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Situation au Moyen-Orient/Question de Palestine - Exposé du Secrétaire général adjoint aux affaires politiques Pascoe devant le Conseil de sécurité - Procès-verbal

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        Security Council
20 April 2009

Security Council
Sixty-third year

6107th meeting
Monday, 20 April 2009, 10 a.m.
New York

President: Mr. Heller (Mexico)
Members:Austria Mr. Mayr-Harting
Burkina Faso Mr. Tiendrébéogo
China Mr. La Yifan
Costa Rica Mr. Guillermet
Croatia Mr. Vilović
France Mr. Ripert
Japan Mr. Takasu
Libyan Arab Jamahiriya Mr. Dabbashi
Russian Federation Mr. Churkin
Turkey Mr. İlkin
Uganda Mr. Mugoya
United Kingdom of Great Britain and Northern Ireland Mr. Quarrey
United States of America Mr. Wolff
Viet Nam Mr. Bui The Giang


The meeting was called to order at 10.15 a.m.

Adoption of the agenda

The agenda was adopted.

The situation in the Middle East, including the Palestinian question

The President ( spoke in Spanish ): In accordance with the understanding reached in the Council’s prior consultations, I shall take it that the Security Council agrees to extend an invitation under rule 39 of its provisional rules of procedure to Mr. Lynn Pascoe, Under-Secretary-General for Political Affairs.

It is so decided.

The Security Council will now begin its consideration of the item on its agenda. The Council is meeting in accordance with the understanding reached in its prior consultations.

At this meeting, the Security Council will hear a briefing by Mr. Lynn Pascoe, to whom I give the floor.

Mr. Pascoe : It is a pleasure to be with the Council once again today discussing the important issue of the Middle East. We are again at an important juncture as the international community prepares to step up its diplomatic engagement towards the peace process. United States Envoy Senator George Mitchell met with Prime Minister Netanyahu on 16 April and with President Abbas the following day, midway through a regional tour. We welcome his stated commitment to vigorously pursue the creation of a Palestinian State as part of a comprehensive regional peace strategy of the Obama Administration which aims to integrate and develop the Arab Peace Initiative.

The Quartet remains firmly committed to the goal of a two-State solution. Quartet envoys met in the United Nations office in Ramallah on 17 April to discuss plans to advance the peace process and agreed to hold regular meetings in the region. The Secretary-General strongly supports a reinvigorated role for the Quartet. Next week, King Abdullah of Jordan will meet with President Obama during the first official visit by an Arab leader to discuss the regional peace process. Palestinian President Abbas is expected shortly afterwards, and, in May, Israeli Prime Minister Netanyahu plans to visit Washington following completion of an internal Israeli review of national security priorities.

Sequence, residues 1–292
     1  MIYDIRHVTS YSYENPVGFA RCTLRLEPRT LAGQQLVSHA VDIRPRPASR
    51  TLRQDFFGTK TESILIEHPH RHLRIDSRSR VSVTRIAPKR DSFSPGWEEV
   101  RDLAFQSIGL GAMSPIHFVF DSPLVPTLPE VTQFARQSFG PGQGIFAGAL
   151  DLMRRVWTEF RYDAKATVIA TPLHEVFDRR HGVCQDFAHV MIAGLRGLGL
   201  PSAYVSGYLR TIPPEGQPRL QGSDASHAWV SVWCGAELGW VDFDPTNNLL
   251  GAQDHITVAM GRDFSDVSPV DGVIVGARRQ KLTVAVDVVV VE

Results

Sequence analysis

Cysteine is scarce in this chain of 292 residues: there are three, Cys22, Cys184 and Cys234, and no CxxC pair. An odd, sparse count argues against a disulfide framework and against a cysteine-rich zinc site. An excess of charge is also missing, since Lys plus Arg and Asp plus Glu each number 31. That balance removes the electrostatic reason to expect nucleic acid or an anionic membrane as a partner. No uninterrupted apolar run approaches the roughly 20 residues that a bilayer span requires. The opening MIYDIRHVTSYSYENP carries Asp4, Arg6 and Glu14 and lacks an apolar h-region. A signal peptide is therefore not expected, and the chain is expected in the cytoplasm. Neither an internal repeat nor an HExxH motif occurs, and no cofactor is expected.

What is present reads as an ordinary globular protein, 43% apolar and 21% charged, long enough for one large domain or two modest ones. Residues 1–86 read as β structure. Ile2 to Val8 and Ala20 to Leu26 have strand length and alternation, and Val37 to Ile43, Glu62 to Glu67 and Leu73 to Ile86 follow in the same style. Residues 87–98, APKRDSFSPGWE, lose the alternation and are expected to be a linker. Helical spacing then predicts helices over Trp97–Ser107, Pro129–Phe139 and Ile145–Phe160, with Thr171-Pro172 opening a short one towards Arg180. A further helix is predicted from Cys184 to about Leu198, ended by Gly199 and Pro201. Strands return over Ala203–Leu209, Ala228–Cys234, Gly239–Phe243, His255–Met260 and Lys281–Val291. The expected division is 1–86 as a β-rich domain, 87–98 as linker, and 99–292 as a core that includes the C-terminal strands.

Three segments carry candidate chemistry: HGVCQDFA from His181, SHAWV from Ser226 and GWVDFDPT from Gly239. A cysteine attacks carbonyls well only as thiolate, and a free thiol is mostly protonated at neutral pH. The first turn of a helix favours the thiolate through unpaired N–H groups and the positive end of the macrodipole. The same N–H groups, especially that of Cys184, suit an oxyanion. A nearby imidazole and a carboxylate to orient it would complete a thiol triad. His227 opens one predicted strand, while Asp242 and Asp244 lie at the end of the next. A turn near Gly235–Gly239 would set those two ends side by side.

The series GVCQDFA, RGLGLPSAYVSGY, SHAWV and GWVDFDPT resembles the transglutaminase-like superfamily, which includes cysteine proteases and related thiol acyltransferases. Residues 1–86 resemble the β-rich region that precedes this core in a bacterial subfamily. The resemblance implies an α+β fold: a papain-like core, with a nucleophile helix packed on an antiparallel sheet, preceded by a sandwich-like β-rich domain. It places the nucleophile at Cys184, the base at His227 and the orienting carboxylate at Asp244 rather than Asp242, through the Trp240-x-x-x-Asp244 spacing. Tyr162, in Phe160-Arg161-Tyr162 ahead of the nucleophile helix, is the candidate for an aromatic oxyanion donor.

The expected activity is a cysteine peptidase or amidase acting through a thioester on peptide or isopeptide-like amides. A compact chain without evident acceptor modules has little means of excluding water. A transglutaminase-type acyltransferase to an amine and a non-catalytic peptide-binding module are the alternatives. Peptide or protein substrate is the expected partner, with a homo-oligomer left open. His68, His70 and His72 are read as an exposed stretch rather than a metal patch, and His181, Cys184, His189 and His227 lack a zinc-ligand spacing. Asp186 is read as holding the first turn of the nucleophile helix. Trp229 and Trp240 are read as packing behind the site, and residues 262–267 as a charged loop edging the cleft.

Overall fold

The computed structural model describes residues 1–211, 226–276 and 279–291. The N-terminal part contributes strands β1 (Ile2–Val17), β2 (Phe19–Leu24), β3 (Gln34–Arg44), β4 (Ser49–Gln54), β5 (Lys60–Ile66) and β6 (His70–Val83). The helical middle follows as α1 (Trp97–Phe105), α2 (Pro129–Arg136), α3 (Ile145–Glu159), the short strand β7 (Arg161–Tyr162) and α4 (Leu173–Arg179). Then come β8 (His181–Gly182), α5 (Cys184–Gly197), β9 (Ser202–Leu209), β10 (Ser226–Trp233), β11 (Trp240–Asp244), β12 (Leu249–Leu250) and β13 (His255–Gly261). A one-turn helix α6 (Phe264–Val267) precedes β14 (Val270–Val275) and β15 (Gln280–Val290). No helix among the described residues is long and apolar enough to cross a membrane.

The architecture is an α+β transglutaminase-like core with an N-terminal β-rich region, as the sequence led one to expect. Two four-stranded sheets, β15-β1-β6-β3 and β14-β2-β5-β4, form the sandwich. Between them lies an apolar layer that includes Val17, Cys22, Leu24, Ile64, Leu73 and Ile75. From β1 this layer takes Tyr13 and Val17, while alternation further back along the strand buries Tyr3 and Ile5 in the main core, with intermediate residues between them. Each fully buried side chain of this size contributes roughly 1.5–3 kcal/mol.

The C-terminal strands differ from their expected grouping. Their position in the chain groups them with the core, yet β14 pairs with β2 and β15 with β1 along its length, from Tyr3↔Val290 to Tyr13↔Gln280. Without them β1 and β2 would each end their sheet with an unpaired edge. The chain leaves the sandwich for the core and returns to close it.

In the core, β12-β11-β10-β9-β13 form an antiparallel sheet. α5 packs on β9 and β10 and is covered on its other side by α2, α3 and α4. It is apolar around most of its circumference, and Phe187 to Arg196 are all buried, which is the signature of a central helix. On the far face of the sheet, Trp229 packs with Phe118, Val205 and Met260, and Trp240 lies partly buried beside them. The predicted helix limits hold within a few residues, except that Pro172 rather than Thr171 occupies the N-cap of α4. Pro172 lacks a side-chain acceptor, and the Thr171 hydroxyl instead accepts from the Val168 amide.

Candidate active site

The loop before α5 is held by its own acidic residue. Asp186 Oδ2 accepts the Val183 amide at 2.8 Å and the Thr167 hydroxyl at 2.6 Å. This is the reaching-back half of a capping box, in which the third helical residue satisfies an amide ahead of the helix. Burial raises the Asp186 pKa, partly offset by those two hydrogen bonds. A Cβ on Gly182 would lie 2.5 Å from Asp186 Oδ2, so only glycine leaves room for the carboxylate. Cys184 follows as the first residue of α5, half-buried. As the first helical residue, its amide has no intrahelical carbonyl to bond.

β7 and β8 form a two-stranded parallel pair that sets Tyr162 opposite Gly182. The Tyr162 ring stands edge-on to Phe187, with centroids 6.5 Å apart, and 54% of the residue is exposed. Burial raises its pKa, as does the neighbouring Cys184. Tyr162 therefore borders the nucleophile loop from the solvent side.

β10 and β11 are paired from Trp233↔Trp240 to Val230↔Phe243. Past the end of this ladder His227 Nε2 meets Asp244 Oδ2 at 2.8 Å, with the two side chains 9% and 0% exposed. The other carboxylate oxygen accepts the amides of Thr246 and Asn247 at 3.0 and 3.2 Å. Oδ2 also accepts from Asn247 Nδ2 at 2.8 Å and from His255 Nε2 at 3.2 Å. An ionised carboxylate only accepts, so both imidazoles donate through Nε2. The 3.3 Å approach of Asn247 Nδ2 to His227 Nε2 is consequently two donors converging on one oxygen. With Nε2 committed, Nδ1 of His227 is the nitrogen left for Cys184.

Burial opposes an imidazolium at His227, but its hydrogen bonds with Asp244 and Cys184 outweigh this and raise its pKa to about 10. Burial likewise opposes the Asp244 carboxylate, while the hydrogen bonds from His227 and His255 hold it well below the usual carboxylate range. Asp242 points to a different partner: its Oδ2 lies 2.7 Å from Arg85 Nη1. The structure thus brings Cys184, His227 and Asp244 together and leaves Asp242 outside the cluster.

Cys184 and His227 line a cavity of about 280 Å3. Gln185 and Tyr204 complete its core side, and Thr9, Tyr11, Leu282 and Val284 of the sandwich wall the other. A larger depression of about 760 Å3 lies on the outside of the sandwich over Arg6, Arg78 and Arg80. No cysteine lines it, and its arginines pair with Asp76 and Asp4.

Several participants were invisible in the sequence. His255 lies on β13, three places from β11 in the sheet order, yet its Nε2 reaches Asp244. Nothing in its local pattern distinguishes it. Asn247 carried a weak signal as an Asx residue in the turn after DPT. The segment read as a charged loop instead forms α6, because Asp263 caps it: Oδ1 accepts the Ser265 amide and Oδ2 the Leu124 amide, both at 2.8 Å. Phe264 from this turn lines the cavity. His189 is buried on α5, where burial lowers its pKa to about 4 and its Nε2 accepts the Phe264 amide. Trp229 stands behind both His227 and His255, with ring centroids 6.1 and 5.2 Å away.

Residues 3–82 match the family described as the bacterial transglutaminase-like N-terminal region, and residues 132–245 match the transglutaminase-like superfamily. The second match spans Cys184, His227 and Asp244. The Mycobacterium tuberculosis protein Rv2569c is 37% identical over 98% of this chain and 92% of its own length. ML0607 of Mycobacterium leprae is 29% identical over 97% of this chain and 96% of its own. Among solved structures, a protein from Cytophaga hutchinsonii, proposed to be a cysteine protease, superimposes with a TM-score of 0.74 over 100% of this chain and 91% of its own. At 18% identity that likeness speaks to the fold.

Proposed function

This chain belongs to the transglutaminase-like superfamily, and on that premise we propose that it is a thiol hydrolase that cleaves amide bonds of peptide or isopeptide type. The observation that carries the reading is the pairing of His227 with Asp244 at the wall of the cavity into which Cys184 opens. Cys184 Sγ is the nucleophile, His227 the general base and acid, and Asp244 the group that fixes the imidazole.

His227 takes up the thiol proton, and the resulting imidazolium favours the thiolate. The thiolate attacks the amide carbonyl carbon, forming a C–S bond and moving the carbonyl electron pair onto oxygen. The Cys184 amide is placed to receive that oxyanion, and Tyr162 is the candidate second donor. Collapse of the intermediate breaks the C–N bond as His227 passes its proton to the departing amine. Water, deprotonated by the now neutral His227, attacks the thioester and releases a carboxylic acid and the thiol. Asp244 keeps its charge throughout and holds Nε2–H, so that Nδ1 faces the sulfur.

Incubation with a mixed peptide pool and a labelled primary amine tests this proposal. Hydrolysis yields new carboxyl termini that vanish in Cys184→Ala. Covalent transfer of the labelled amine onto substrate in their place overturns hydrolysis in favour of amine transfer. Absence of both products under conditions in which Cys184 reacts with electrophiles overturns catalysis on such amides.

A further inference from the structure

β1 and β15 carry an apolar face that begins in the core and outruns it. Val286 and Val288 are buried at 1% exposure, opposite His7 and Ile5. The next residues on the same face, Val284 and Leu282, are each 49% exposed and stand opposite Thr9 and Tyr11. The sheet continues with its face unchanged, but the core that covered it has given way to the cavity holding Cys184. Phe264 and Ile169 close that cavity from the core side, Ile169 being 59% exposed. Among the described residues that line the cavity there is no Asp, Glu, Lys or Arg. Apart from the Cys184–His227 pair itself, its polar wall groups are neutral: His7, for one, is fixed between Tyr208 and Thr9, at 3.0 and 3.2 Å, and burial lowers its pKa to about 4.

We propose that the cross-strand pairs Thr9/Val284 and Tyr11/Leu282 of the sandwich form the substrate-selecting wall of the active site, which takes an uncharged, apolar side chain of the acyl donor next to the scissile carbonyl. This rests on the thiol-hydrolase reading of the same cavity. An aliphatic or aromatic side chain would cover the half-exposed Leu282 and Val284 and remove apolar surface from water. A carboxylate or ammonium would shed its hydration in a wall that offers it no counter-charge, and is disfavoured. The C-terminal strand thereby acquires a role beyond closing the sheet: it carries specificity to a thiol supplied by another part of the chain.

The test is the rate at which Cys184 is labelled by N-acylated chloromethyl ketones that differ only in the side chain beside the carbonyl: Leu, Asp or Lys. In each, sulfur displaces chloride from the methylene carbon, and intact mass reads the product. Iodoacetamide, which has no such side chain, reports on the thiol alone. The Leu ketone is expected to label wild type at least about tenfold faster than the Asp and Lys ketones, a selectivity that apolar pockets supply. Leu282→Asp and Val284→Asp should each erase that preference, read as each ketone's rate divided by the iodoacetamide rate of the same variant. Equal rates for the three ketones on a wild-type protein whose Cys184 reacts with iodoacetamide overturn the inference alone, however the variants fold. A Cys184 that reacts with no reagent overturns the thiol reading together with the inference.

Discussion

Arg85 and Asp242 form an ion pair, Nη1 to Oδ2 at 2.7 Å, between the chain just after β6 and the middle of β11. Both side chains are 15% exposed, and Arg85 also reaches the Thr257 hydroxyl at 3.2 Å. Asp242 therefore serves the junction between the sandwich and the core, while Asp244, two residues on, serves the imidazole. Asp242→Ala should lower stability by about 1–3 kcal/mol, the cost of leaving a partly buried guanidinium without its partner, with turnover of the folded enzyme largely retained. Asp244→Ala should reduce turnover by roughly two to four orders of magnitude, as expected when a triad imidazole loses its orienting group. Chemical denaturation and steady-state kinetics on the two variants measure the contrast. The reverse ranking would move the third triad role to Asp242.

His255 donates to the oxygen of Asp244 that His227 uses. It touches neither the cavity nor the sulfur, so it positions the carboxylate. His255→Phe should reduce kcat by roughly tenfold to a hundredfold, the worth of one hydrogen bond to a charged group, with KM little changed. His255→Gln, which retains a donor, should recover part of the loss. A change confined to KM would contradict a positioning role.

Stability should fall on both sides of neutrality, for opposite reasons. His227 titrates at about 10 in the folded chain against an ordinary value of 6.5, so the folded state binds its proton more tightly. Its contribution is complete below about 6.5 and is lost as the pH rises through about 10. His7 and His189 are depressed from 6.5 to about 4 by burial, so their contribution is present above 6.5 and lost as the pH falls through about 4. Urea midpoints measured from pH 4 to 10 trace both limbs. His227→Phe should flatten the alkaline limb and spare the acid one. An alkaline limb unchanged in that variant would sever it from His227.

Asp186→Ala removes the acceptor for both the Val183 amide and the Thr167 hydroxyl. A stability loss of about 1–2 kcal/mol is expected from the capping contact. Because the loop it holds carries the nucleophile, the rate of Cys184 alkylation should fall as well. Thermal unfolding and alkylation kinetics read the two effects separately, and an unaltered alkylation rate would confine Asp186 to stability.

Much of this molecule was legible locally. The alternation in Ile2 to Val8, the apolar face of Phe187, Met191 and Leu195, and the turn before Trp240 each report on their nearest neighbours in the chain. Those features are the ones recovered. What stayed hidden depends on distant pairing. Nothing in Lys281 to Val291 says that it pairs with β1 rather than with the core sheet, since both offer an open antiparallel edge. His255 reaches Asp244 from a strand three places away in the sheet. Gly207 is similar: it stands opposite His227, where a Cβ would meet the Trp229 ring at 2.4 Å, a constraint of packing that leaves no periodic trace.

The Secretary-General has welcomed the formation of the new Israeli Government, which was sworn in on 31 March. He stated his expectation that the Middle East peace process will resume, with the aim of achieving an independent and viable Palestinian State living side by side in peace with a secure Israel, and a comprehensive Arab-Israeli peace as envisaged in Security Council resolutions.

Allow me to turn to the situation in Gaza and southern Israel. During this reporting period there has been very little progress on the key elements outlined in Security Council resolution 1860 (2009): the commitment of the parties to a durable and sustainable ceasefire; opening the crossings for humanitarian access and materials for recovery; and intra-Palestinian reconciliation. For the international community to sustain its commitment to a resumption of the peace process, those principles are indispensable.

While there has been a significant drop in violent incidents this reporting period, the situation remains fragile in the absence of a proper ceasefire regime. Although there were almost two weeks without violence, there were 30 rockets and mortars fired by Palestinian militants at southern Israel, and the Israeli military carried out two air strikes in the Gaza Strip.

The Israeli army reported on 13 April that a Palestinian vessel laden with explosives exploded in the vicinity of an Israeli naval ship without causing injury. Egyptian efforts to combat smuggling continue, and on 15 April the Egyptian police reportedly found 900 kilogrammes of explosives along Egypt’s border with Gaza. On 10 April, Egyptian security forces arrested 18 people for allegedly smuggling weapons and cash into Gaza.